The Naval Forces of the Armed Forces of Ukraine is aimed at defense of sovereignty and state interests of Ukraine in the sea. It is required to neutralize enemy naval groups in its operational zone both alone and with other branches of the Armed Forces of Ukraine, and provide assistance from the sea to the Ground Forces during their operations. Main tasks of the Navy of the Armed Forces of Ukraine are the:
- creation and maintenance of the combat forces on a level, sufficient to deter maritime aggression;
- neutralization of enemy naval forces;
- destruction of enemy transportation;
- support of the landing of amphibious forces and fight against enemy amphibious forces;
- maintenance of a beneficial operational regime in the operational zone;
- defense of its bases, sea lines of communications;
- protection of submarine space within the territorial sea;
- protection of the merchant fleet, maritime oil and gas industry, and other state maritime activity;
- assistance to the Army in their conduct of operations (military actions) along maritime axes;
- participation in peacekeeping operations.
|Name||Rank||Period of command|
|Borys Kozhyn||Vice Admiral||April 7, 1992 – October 1993|
|Volodymyr Bezkorovainy||Vice Admiral||October 1993 – October 1996|
|Mykhailo Yezhel||Admiral||October 28, 1996 – May 20, 2003|
|Ihor Kniaz||Vice Admiral||May 21, 2003 – March 23, 2006|
|Ihor Tenyukh||Admiral||March 23, 2006 – March 18, 2010|
|Viktor Maksymov||Vice Admiral||March 18, 2010 – July 27, 2012|
|Yuriy Ilyin||Vice Admiral||July 27, 2012–present|
Ranks and insignia 
- Military administration
- Amphibious ships
- Mine-sweeping ships
- Auxliary ships
- Submarine forces
- Naval infantry
- Naval aviation
- Special operations
- Combat swimmers
- Anti-sabotage unit
Major Ships and Vessels 
According to Navy Commander Vice Admiral Yuriy Ilyin at the beginning of 2013 the fleet had 11 warships fully ready to perform complex tasks, and ten aircraft and 31 supply vessels in working order.
The Navy 2008/09 consisted of:
Surface vessels 
Auxiliary vessels 
Other vessels also in service:
Unfinished – not commissioned:
- 1 Slava class cruiser (fate is unclear)
Aircraft inventory 
|Antonov An-26 Curl||Soviet Union||Transport||An-26||7|
|Mil Mi-8 Hip||Soviet Union||Transport Helicopter||Mi-8||8|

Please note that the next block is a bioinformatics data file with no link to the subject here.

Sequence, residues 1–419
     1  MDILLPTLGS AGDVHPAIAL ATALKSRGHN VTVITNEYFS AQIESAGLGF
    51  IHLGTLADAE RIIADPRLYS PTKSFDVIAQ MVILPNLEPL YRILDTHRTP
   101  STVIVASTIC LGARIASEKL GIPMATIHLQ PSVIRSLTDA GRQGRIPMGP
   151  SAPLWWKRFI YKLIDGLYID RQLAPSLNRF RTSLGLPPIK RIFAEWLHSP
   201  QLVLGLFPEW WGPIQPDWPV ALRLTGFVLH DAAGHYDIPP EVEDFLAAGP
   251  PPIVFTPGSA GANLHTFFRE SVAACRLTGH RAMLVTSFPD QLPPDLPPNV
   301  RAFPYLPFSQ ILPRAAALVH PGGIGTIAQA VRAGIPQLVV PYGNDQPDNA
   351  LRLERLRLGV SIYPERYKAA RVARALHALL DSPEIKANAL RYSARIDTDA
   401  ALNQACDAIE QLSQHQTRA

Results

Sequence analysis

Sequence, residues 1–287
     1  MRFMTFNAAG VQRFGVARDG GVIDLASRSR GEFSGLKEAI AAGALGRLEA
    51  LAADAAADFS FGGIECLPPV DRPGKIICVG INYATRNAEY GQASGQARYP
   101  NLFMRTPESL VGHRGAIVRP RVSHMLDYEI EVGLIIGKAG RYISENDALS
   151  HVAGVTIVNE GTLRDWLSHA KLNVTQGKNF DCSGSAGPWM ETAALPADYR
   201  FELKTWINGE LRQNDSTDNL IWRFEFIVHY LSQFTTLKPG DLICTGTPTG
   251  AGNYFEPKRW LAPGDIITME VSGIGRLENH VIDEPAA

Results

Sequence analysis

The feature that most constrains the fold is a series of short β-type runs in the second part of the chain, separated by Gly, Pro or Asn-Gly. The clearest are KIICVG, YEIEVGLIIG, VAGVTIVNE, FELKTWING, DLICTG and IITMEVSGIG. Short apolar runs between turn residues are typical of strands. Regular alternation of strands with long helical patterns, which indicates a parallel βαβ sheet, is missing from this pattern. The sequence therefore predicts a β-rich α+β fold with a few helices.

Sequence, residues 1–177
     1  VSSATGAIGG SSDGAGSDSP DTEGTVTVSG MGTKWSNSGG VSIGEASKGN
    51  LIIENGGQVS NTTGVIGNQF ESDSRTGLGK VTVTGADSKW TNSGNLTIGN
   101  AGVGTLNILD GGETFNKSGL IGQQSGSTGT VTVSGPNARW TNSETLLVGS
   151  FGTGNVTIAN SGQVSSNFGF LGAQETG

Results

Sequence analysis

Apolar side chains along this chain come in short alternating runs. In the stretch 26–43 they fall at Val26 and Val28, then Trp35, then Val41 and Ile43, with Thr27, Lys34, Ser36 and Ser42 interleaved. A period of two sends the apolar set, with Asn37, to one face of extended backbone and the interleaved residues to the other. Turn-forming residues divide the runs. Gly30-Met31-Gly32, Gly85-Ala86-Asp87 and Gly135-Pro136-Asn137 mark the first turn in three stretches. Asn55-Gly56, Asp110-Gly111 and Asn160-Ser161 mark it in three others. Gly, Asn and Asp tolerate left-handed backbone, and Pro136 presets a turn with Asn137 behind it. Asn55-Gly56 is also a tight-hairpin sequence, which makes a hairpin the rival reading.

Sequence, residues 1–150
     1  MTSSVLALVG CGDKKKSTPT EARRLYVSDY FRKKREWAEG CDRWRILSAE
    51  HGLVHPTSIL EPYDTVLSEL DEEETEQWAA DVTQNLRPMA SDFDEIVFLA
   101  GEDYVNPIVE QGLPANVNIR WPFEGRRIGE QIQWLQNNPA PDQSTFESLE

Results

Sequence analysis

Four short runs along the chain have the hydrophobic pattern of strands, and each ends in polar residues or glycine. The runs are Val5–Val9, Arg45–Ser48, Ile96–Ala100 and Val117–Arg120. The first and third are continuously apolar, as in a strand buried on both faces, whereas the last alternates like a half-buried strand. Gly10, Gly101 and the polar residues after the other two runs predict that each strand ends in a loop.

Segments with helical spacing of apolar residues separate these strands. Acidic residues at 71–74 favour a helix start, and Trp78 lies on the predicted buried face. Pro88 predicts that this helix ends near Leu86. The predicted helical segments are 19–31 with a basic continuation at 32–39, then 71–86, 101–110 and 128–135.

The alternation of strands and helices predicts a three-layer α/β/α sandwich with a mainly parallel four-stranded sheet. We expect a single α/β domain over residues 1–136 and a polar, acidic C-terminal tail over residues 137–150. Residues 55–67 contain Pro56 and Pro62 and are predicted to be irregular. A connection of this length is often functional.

|Mil Mi-14 Haze||Soviet Union||anti-submarine Helicopter||Mi-14PL||5|
|Beriev Be-12 Mail||Soviet Union||Maritime patrol aircraft||Be-12||6|
|Kamov Ka-29 Helix-B||Soviet Union||Assault transport helicopter||Ka-29||16|
|Kamov Ka-27 Helix||Soviet Union||anti-submarine Helicopter||Ka-27/-28||21|
- Other naval bases
In selected locations are situated several naval support elements
The Ukrainian Marine Corps (Ukrainian: Морська піхота literally means "Naval Infantry") is a branch of the Ukrainian Navy. It is used as a component part of amphibious, airborne and amphibious-airborne operations, alone or in accordance with formations and units of the Army in order to capture parts of the seashore, islands, ports, fleet bases, coast airfields and other coast objects of the enemy. It can also be used to defend naval bases, vital areas of the shore, separate islands and coast objects, security of hostile areas.
See also 
|Wikimedia Commons has media related to: Navy of Ukraine|
- President signs Decree On Celebration of Some Memorable Dates and Professional Holidays, President.gov.ua (30 December 2011)
- The Global Road Warrior: 100 Country Handbook for the International Business Traveler by Joe Reif, World Trade Press, 2001, ISBN 1-885073-86-0
- Ukraine Intelligence & Security Activities and Operations Handbook, International Business Publications, USA, 2009, ISBN 0-7397-1661-1
- The Navy of the Armed Forces of Ukraine
- (Ukrainian) Ukrainian Armed Forces 2007 White Book p.111
- Text of the agreement on oath in the strategic formations
- Ukrainian Navy History, GlobalSecurity.org Website
- Ukrainian Navy, GlobalSecurity.org Website
- The Destruction of a Squadron. A sequel
- Ukraine and Russia to resume joint naval exercises, ITAR-TASS (March 12, 2010)
- The Washington Charter on Strategic Partnership confirms guarantees of Ukraine's security, says U.S. ambassador, Interfax-Ukraine (22 December 2008)
- Yushchenko pressed for the development of a new Ukrainian corvette, Interfax-Ukraine (October 12, 2009)
- ITAR-TASS 1114 GMT 18 March 2010
- Commander:Ukrainian Navy to have 11 ships, 10 aircraft, 31 vessels by end of 2012, Kyiv Post (30 November 2012)
- Jane's Navy International, Interview: Admiral Viktor Maksymov, C.-in-C., Ukraine Navy, JNI December 2010, 34.
- (English)/(Ukrainian) Navy page on the official site of the Ministry of Defence: in English, in Ukrainian
- (English) World Navies Today: Ukraine (full unofficial list of vessels with descriptions, as of March 2002; no images)
- (Russian) Photogallery of Ukrainian Navy vessels (most vessels available, with pennant numbers, no detailed descriptions)
- Ukrainian Navy: ferial excursions into the past and present
- Interview of Borys Kozhyn. Magazine "Hetman". #1 (24) 2009.